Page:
Mar. 27—What was supposed to be a routine hearing to determine whether a Raleigh County man would face life in prison took an unexpected turn Friday when the defendant fired his defense attorney.
A day after being found guilty by a jury of multiple felonies, Andrew Miller, 32, of Beckley, was called back into court Friday for a hearing to determine whether he would receive a harsher penalty for his crimes under the state’s recidivist statute.
Under this statute, if a person has two or three prior felony convictions involving either actual violence, a threat of violence or substantial impact upon the victim such that harm results, then a life sentence can be imposed.
Last week, a jury found Miller guilty of three felonies — malicious wounding, wanton endangerment and felon in possession of a firearm. The charges stem from a June 2022 shooting at the Hargrove Apartments in Beckley when Miller shot and nearly killed Anthony Goard, 27, of Oak Hill.
Raleigh County Chief Deputy Prosecuting Attorney Brian Parsons said Miller already has two prior felony convictions for kidnapping in Raleigh County and malicious wounding in Kanawha County.
Parsons told The Register-Herald Monday that Miller was served documents in Raleigh County Circuit Judge HL Kirkpatrick’s courtroom Friday which detailed his prior felony convictions as well as the prosecution’s desire to pursue a life sentence under the recidivist statute.
Upon receiving the documents, Parsons said Miller “fired his trial counsel and elected to proceed pro se, representing himself.”
Instead of dealing with the matter at hand, which was the extended sentence, Parsons said Miller tried to “relitigate the underlying trial” which was “pointless at that juncture.”
In courtroom video captured by WVVA, Miller brought up several of the arguments addressed by his former defense attorney, Michael Froble, during closing arguments on Thursday.
These arguments included that Goard misidentified the gun that shot him and that one of the shooting witnesses has since disappeared despite attempts made by the police to locate him.
Miller also accused his attorney of feeding information to the prosecution.
Parsons said he believed Miller’s antics were a way to “show off” for the news cameras in the courtroom.
“I think that the coverage in the courtroom encouraged him to want to show off,” Parsons said. “He was looking dead at (the WVVA reporter) while he was making his comments. He spent as much time facing (the reporter) as he did facing the jury … He very much seemed to be enjoying the limelight.”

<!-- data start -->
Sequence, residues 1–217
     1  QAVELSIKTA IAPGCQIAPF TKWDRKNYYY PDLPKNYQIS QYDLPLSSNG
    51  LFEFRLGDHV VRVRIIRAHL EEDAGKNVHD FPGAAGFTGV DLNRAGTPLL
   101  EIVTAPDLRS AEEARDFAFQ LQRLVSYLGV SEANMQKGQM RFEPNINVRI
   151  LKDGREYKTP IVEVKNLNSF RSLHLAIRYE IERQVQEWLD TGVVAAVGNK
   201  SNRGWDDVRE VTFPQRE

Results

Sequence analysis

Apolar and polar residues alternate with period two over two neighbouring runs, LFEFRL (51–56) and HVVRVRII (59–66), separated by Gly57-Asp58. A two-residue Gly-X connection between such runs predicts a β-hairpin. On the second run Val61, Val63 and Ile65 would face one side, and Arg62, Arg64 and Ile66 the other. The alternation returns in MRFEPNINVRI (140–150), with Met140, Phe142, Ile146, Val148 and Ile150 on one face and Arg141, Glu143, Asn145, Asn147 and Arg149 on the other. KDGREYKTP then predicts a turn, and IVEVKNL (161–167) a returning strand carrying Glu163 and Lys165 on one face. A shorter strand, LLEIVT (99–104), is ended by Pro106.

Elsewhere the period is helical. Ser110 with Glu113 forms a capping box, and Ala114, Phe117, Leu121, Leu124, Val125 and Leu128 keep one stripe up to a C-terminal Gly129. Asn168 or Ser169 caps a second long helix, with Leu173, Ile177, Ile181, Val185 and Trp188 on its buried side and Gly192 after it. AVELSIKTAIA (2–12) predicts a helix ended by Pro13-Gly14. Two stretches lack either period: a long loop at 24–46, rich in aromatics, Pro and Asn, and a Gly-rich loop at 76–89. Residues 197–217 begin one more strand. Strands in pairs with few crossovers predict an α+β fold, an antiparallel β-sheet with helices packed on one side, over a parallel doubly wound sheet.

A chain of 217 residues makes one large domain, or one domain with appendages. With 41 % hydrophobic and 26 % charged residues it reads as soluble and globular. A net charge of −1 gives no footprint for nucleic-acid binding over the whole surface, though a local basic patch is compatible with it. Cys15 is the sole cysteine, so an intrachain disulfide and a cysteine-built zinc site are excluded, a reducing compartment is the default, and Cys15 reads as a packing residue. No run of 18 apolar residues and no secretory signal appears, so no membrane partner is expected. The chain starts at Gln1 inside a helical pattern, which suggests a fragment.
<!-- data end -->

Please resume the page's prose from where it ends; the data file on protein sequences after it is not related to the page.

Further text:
Parsons said this show did nothing to sway the jury, which deliberated for about 10 minutes.
“(The jury) came back and returned that they did find he was the same person that was charged in those two prior convictions — one from Kanawha County, one from Raleigh County,” he said. “And based on that, the law says that the judge must impose the sentence of life in prison with the possibility of parole, and that’s what the judge did.”
He added that these actions will likely hurt Miller if he tries to appeal his case because he can’t claim poor representation when he fires his attorney.
Parson said this is the first he’s had a defendant elected to represent himself.
“Every time I try a case here, you can always ask me, ‘Has this ever happened to you?’ And I’ll always say, ‘Nope.’ Every time I try something here, something I’ve never seen before happens,” he said. “I had never done a lifetime habitual offender proceeding either. Yeah, that was a first for me, too.”
Despite a few unexpected twists during the trial, Parson said he was pleased to see all the hard work his team put into paying off.
“A lot of work went into it, with the investigators and my office staff,” he said. “A lot of energy was consumed and so you want to make sure that it’s for the right situation. And I feel even more correct in that estimation, kind of having seen how the facts of that case played out and how the defendant behaved through. “
Parson said it was important for him to not just get the convictions but also pursue the life sentence for habitual offenses because of the nature of Miller’s crimes.
“You’re dealing with a really dangerous act, and you’re dealing with a person that has a history of violence, and you very much feel like if you can stop this guy here, you’re going to save a life or you ‘re going to save someone from being hurt in the future,” Parsons said. “So it kind of creates a pressure on you to perform well because you’re literally protecting an unknown potential victim.”
Miller will be eligible for parole after 15 years.